Iona is a small island in the Inner Hebrides, off the Ross of Mull on the western coast of Scotland. It is mainly known for Iona Abbey, though there are other buildings on the island. Iona Abbey was a centre of Gaelic monasticism for three centuries and is today known for its relative tranquility and natural environment. It is a tourist destination and a place for spiritual retreats. Its modern Scottish Gaelic name means "Iona of Columba".
In 2019, the island’s estimated population was 120. Residents engage in farming, using traditional methods. Other occupations include crofting and tourism-related work; some craftsmen make goods for sale locally, such as pottery, tapestries, jewelry and knitted goods. In March 1980, the Hugh Fraser Foundation donated much of the main island to the current owner, the National Trust for Scotland. The abbey and some church buildings are owned by the Iona Cathedral Trust.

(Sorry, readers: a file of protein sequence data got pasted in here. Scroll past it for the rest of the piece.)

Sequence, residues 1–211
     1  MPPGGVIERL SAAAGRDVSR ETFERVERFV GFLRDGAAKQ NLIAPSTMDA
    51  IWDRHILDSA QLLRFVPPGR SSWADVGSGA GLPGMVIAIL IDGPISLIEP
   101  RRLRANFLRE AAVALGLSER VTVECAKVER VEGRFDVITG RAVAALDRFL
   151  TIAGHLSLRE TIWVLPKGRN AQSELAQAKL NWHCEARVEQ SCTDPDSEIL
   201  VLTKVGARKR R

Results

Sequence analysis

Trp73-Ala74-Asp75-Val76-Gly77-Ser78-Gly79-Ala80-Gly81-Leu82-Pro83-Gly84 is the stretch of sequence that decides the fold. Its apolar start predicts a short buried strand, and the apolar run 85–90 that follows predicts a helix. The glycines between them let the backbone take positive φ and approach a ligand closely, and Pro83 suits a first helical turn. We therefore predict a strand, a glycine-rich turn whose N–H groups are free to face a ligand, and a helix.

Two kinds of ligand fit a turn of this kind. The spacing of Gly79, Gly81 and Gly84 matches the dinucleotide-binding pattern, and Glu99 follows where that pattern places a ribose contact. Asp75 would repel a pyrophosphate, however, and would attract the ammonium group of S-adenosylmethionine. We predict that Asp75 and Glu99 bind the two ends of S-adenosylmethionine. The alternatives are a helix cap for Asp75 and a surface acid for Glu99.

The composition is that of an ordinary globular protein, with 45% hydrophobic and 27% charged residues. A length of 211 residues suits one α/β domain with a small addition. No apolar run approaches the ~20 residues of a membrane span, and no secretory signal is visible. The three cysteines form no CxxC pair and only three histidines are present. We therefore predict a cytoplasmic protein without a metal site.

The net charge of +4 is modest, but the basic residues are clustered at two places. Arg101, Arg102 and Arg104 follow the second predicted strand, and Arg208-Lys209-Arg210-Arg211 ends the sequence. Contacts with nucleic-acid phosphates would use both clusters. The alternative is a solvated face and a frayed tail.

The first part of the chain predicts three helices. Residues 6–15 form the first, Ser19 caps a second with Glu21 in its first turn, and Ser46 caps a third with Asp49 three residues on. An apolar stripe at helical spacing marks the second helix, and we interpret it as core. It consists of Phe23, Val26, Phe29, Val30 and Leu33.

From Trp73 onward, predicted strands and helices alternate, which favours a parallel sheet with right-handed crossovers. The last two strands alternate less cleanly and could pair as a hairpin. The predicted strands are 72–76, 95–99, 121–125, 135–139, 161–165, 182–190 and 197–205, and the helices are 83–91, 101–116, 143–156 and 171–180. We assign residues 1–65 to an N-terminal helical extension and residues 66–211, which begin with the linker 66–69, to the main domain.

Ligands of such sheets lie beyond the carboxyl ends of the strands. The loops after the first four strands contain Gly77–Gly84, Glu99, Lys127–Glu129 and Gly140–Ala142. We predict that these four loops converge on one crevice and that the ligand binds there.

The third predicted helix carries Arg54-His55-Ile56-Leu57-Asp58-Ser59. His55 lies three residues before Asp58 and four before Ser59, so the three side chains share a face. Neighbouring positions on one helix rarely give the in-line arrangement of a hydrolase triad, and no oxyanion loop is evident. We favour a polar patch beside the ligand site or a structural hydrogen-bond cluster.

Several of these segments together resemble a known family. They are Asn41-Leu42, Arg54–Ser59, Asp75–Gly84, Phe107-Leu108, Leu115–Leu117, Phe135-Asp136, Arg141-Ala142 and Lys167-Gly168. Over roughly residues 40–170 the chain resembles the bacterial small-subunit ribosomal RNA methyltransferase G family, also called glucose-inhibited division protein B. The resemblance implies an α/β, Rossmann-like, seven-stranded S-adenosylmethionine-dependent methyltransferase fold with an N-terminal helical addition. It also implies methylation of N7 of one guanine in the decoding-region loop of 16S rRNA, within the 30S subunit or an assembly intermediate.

One publication, describing the religious significance of the island, says that the island is "known as the birthplace of Celtic Christianity in Scotland, ” and notes that “St Columba came here in the year 563 to establish the Abbey, which still stands".
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